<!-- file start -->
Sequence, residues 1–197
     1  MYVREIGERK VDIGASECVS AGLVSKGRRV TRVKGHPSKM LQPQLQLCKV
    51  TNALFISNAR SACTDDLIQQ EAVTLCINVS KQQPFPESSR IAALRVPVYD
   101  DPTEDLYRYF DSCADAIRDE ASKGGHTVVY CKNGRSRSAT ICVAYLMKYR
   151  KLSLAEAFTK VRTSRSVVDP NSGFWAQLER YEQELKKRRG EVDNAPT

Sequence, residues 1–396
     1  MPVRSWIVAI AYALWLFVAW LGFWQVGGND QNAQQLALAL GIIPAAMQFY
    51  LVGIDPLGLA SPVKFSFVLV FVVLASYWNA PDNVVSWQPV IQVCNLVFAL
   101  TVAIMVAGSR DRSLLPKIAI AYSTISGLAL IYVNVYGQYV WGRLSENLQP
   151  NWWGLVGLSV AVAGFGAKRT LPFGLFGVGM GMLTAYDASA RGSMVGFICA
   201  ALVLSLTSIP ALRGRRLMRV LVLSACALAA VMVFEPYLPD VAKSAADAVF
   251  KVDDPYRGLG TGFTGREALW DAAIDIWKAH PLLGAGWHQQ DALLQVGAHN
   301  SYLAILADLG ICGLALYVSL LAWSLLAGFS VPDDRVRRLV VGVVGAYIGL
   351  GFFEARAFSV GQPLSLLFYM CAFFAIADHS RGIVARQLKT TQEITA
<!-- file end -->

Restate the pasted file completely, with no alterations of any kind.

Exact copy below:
Sequence, residues 1–197
     1  MYVREIGERK VDIGASECVS AGLVSKGRRV TRVKGHPSKM LQPQLQLCKV
    51  TNALFISNAR SACTDDLIQQ EAVTLCINVS KQQPFPESSR IAALRVPVYD
   101  DPTEDLYRYF DSCADAIRDE ASKGGHTVVY CKNGRSRSAT ICVAYLMKYR
   151  KLSLAEAFTK VRTSRSVVDP NSGFWAQLER YEQELKKRRG EVDNAPT

Sequence, residues 1–396
     1  MPVRSWIVAI AYALWLFVAW LGFWQVGGND QNAQQLALAL GIIPAAMQFY
    51  LVGIDPLGLA SPVKFSFVLV FVVLASYWNA PDNVVSWQPV IQVCNLVFAL
   101  TVAIMVAGSR DRSLLPKIAI AYSTISGLAL IYVNVYGQYV WGRLSENLQP
   151  NWWGLVGLSV AVAGFGAKRT LPFGLFGVGM GMLTAYDASA RGSMVGFICA
   201  ALVLSLTSIP ALRGRRLMRV LVLSACALAA VMVFEPYLPD VAKSAADAVF
   251  KVDDPYRGLG TGFTGREALW DAAIDIWKAH PLLGAGWHQQ DALLQVGAHN
   301  SYLAILADLG ICGLALYVSL LAWSLLAGFS VPDDRVRRLV VGVVGAYIGL
   351  GFFEARAFSV GQPLSLLFYM CAFFAIADHS RGIVARQLKT TQEITA